With the food-for-nukes talks underway between the North Koreans and the US, the negotiations appear to be bogged down on the details of the food aid package. The North Korean delegation has agreed to discuss ending the uranium enrichment program if the US shows "willingness to establish confidence."
So far, Washington remains quite unwilling to build the kind of "confidence" the North Koreans are talking about - mainly providing the remaining 300,000 tons of food aid that was promised to Pyongyang in 2008. The US is offering nutritional assistance (specifically protein-high supplements targeting younger children suffering malnutrition) instead because it fears that a substantial food aid package will be diverted to the military instead of going to the people in need.
This is a reasonable concern to have considering the number of times that Pyongyang had retracted its promises to Washington and the international community. However, if the US is willing to go as far as provide nutritional assistance, then it should consider and study the effects of providing North Korea with actual food aid, including rice and other grains.
Injecting the food deficient market with valuable rice could potentially play a crucial role in redistributing the food stuffs in the country. If the food aid actually reaches those in need, then the people can either consume it or sell the valuable grains for more quantities of less valuable grains, increasing their food reserve. And so far, based on reports from South Korean, US and UN aid groups, the North Korean government has shown capable of honestly distributing food aid to its people in the past year.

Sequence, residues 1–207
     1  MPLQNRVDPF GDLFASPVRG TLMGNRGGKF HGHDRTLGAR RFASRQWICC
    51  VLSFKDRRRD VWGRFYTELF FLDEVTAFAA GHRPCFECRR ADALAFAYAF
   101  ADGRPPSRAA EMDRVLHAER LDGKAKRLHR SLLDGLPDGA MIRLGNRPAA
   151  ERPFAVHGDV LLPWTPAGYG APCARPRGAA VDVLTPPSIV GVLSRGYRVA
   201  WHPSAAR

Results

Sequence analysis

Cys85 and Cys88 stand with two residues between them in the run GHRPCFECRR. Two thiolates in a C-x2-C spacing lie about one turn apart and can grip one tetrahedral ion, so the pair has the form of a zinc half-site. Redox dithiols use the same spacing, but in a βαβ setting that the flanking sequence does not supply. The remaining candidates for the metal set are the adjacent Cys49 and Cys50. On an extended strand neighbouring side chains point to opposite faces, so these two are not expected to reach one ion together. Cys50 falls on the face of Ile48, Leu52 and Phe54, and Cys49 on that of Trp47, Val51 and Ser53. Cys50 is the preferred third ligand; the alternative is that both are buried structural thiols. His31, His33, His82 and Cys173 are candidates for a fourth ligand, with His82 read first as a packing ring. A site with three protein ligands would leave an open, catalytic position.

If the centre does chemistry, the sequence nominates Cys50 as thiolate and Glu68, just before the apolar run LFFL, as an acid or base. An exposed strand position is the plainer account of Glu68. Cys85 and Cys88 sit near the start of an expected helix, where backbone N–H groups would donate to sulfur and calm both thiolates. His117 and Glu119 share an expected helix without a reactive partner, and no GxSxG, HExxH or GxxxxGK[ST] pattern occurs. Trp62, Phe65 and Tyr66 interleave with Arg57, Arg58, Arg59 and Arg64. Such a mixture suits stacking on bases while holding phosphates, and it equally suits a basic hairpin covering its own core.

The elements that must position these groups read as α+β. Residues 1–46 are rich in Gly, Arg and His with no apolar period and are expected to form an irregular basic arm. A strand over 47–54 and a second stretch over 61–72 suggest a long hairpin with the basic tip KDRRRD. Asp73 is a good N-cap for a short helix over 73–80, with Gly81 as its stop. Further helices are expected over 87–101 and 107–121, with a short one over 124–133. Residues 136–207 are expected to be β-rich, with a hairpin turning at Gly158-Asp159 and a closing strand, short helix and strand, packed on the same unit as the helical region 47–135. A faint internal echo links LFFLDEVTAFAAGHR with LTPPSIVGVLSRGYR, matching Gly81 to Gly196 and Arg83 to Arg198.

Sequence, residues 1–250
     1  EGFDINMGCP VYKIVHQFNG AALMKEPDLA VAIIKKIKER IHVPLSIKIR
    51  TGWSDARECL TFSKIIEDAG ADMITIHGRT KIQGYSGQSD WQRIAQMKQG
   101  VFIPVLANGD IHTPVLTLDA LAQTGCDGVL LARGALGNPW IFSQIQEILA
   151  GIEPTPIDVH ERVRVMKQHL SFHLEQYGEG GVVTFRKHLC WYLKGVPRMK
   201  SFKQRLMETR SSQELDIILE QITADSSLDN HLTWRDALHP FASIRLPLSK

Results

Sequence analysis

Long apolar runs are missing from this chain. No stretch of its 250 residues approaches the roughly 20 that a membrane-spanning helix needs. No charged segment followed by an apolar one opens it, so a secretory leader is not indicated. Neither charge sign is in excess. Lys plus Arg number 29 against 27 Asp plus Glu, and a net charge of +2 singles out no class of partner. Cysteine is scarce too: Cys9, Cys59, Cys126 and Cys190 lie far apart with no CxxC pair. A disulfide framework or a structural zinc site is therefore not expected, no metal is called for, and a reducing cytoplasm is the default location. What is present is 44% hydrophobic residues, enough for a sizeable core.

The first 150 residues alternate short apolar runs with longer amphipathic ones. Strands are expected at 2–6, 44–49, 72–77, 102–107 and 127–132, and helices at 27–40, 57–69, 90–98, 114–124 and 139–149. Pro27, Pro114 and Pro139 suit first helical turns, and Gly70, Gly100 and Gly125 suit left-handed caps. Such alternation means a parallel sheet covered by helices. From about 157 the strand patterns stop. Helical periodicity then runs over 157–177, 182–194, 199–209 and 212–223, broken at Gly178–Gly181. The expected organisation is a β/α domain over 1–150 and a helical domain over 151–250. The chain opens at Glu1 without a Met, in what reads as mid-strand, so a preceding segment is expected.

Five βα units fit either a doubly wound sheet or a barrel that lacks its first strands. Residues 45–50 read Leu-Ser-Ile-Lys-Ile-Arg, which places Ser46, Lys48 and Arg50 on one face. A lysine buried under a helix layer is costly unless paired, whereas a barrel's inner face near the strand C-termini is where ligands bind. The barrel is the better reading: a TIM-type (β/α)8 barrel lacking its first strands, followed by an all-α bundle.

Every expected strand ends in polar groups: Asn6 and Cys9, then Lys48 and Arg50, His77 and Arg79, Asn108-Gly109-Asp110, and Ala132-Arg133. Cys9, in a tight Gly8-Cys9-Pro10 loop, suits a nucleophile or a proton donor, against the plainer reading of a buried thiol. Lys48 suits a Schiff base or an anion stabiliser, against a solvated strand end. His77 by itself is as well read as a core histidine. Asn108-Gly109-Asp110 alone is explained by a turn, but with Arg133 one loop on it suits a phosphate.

However, even if the grains are siphoned off by the party and military elites, the decrease in the demand for grains by the elites may help control the food prices that are growing out of control. Specifically, the sudden availability of rice will decrease the demand and price of cheaper grains such as corn and increase their accessibility to more impoverished North Koreans who have long relied on cheaper non-rice alternatives in times of hardship. Therefore, providing real food aid should be seriously considered as a means of significantly influencing the DPRK domestic food market.
All of this is purely guesswork and could very well make no sense whatsoever in the trained eyes of an economist or those with more up-to-date information about the economic conditions in North Korea. But I hope someone somewhere in the state department (or the White House) went through at least brain storming this before quietly excluding it from US foreign policy.
There are obvious political consideration involved, but again, the cost of a broken society will only be a future burden for the international community when North Korea finally collapses (whenever that may be...)